Colombia Profile

Forest Conversion for Commercial Agriculture and Associated Exports

In Colombia, 75 percent of deforestation is due to expansion of the agricultural frontier; more than a third of forest cleared between 2000 and 2005 was converted to cattle pasture alone (Government of Colombia, 2011). In 2008, it was estimated that 2.2 Mha of Colombian forest had been lost during the previous 15 years to make way for cocaine production (Mongabay 2008).

A large proportion of Colombia’s agricultural land is owned by drug gangs; in 2003, the country’s own Court of Audits estimated that drug traffickers owned almost half (four million hectares) of the country’s fertile farmland, also noting that due to the use of front men, the real figure was probably double (Clarin, 2003). Coca cultivation and cattle ranching were among the drivers cited in a Colombian government report in 2014 as factors behind a substantial increase in the deforestation rate that year (IDEAM 2015).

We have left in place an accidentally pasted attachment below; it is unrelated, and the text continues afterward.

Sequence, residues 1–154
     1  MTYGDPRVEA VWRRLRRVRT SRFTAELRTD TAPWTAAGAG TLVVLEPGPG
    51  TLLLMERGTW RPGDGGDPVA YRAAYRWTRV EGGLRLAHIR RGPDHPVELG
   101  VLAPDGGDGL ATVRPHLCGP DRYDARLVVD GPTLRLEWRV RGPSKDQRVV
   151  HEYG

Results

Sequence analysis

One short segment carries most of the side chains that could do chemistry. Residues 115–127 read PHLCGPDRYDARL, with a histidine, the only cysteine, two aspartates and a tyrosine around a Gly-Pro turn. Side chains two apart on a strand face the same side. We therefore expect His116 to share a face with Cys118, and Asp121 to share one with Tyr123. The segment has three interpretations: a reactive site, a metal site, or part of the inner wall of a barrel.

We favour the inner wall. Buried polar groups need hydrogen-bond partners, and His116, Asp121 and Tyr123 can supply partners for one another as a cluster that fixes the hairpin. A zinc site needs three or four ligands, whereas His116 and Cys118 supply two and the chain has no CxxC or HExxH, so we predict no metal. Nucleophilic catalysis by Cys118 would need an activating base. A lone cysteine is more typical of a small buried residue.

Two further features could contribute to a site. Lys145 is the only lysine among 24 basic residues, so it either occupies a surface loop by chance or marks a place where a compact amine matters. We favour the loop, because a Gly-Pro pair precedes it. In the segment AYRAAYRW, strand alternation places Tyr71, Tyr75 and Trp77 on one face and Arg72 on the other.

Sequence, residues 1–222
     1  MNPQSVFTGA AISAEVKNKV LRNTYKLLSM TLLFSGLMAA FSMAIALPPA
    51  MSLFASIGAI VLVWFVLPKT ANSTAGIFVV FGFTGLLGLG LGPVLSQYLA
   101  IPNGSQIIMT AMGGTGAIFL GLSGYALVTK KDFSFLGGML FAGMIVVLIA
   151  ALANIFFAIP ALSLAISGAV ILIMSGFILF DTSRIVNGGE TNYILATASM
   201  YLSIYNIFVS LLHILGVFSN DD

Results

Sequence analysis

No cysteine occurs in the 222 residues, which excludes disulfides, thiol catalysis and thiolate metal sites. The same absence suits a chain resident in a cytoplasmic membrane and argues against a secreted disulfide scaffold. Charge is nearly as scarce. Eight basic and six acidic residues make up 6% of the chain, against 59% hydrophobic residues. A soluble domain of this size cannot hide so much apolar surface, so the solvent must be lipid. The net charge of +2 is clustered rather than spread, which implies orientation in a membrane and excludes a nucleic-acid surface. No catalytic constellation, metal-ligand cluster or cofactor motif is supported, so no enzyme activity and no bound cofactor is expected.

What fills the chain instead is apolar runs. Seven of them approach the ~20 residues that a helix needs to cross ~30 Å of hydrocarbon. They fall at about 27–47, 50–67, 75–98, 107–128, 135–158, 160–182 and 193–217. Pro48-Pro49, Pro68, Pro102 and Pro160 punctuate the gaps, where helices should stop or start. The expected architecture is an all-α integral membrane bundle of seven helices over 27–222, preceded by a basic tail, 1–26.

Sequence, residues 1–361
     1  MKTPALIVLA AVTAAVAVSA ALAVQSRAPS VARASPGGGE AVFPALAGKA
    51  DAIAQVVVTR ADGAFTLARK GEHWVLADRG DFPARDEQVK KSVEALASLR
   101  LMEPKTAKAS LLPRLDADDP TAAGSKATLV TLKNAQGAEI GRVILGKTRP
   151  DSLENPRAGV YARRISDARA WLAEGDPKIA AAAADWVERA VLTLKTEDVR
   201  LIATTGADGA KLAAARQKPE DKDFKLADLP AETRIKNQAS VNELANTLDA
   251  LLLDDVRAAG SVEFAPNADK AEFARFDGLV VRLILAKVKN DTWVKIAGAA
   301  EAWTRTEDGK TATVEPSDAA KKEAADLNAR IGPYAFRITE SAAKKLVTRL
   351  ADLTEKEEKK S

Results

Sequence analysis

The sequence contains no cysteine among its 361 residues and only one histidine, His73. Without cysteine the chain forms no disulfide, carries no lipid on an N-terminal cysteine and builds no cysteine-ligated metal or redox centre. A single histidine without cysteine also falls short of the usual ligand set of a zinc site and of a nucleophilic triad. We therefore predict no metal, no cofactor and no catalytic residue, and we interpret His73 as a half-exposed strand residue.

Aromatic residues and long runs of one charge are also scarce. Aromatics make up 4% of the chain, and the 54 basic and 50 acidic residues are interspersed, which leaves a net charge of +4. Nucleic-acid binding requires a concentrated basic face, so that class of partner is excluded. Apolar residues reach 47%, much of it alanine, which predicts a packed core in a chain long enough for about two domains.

The province with by far the largest area of recent deforestation was found to be Caqueta, where large-scale cattle ranching is gradually encroaching on the moist forests of the Colombian Amazon (WWF 2016). Colombia is also seeing large expansions in the amount of land cultivated with oil palm. In the decade between 2002 and 2012, the area of oil palm plantations more than doubled, to 450,000 hectares. This is set to increase to just under a million hectares by the end of 2020 (Vargas et al., 2015).

Colombia typically exports between 10 and 20 percent of its beef, though in 2012 the proportion was just 2 percent as a result of trade restrictions stemming from outbreaks of foot and mouth disease.

Illegalities in Conversion

There is little information on the nature and extent of illegality in conversion of tropical forests for commercial agriculture in Colombia. However, given the poor general forest governance situation (it has been estimated that 42 percent of Colombian timber production is illegal) (World Bank 2006), it is likely that the country suffers similar problems as those documented elsewhere in Latin America. All of the deforestation for coca production is illegal. One news article in 2015 claimed that 48,000 hectares of forest were being lost to illegal deforestation each year in the country (El Tiempo 2015).

This summary was last updated in September 2016. For more recent information, please see individual news stories.